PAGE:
Lume: Tying into the point above, the luminescence of the hands and hour markings is good, and the lume is blue in tint when it’s visible in the dark so it fits the Blue Angels theme. I tested it by holding it close to a standard 60-watt light bulb for one minute at 11:30 pm and it was still quite visible/usable at 6:00 am the following morning. If you sleep with your watch on, just hold the dial under bright light for about a minute before bed and you’re good to go.

Eco-Drive: The Skyhawk uses Citizen’s Eco-Drive solar charging system. You never need to change the battery or wind the watch. Great!

Atomic timekeeping technology: Using internal radio reception, the watch automatically synchronizes on a daily basis to the nearest atomic clock signal and adjusts the watch automatically to keep perfect time. The signals travel over long distances and are broadcast from centers in the US, China, Europe and Japan. For example, the signal coming from Fort Collins, Colorado in the U.S. reaches my home in New York which is 1,800 miles away.

World Time function with switchable dual displays: You’ll have no problem tracking the time zones as you go through your travels. Your home city is displayed in the left digital display and the analog hands of the watch tell the time in that location. You can display the time of one of 43 other cities in their respective time zones in the right digital display. When traveling to an alternate location, these displays can be quickly switched just by pulling out the crown and simultaneously pressing both side buttons. Easy and useful!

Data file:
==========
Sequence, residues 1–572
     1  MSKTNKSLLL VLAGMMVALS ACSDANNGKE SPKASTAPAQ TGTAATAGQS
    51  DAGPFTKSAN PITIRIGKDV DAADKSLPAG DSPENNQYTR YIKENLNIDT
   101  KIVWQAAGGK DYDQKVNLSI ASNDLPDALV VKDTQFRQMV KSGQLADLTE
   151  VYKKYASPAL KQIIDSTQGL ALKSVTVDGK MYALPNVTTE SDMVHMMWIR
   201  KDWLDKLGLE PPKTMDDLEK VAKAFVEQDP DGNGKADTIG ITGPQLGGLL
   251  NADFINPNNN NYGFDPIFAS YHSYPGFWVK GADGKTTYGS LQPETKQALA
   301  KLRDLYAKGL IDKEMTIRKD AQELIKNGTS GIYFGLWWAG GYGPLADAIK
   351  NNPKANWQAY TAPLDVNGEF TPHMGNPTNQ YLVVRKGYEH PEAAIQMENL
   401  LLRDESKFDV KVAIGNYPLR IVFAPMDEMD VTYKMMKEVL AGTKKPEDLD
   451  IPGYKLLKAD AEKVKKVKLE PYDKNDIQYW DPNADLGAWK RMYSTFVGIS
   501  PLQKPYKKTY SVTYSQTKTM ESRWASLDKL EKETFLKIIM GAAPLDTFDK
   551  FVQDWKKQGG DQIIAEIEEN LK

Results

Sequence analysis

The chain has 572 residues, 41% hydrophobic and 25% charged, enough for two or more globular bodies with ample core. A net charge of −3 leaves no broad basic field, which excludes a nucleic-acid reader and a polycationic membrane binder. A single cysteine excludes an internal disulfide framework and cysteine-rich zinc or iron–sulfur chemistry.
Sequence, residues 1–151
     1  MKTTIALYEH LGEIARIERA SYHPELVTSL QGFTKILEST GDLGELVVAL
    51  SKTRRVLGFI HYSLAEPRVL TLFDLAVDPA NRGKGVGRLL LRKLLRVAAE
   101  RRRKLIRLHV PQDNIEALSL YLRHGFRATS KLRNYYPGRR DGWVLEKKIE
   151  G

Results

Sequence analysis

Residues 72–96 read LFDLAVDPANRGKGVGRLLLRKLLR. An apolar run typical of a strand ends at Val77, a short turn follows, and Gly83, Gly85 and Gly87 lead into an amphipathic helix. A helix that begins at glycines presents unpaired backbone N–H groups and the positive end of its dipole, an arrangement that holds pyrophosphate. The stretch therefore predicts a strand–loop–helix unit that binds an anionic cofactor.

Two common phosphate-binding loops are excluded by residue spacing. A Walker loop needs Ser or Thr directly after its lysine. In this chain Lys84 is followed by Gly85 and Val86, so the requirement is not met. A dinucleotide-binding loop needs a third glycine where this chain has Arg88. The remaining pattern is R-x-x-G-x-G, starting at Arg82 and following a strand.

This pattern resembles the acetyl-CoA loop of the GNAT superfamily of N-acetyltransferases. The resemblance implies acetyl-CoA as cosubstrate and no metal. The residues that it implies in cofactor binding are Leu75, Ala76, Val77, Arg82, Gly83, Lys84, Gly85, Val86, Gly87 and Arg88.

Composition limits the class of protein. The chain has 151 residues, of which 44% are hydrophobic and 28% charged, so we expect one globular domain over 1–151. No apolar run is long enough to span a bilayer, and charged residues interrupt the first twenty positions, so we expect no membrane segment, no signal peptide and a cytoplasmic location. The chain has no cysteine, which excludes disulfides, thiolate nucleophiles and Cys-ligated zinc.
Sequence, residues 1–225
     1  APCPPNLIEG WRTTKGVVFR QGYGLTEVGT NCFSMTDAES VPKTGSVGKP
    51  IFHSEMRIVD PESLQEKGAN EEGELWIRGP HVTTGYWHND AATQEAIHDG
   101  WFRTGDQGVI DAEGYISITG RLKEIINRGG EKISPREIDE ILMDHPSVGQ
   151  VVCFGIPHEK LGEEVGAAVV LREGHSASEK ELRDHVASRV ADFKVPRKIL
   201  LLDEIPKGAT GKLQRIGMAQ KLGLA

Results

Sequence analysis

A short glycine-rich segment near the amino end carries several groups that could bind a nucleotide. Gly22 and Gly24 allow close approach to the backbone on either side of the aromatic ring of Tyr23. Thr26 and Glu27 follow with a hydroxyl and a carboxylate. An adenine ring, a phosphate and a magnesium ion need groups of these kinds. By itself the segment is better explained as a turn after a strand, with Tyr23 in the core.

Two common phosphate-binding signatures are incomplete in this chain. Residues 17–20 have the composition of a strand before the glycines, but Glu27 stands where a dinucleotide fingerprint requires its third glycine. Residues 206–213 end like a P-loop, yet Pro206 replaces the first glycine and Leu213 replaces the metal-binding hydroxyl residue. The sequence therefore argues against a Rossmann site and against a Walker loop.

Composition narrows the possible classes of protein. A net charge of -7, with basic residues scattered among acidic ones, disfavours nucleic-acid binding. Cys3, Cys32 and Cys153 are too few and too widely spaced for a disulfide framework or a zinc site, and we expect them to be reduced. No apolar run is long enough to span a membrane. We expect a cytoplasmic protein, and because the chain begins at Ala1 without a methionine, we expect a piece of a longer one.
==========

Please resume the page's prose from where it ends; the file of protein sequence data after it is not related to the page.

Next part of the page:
Power-reserve indicator: For a solar powered rechargeable watch, it’s handy to have a power reserve meter included on the dial without having to press buttons to find out the charge level.

No cutoffs: A pet peeve of mine is when dial designers cut off numbers and markings to fit in the sub-dials and other features on the watch face. I don’t want to see half of a number in order to squeeze in a dial feature, it’s just not my thing. Citizen did well here by filling the dial with the desired details without cutting anything off.

22mm lug: The 22mm lug-to-lug width makes it easy to shop for replacement watch bands, as that’s a common size.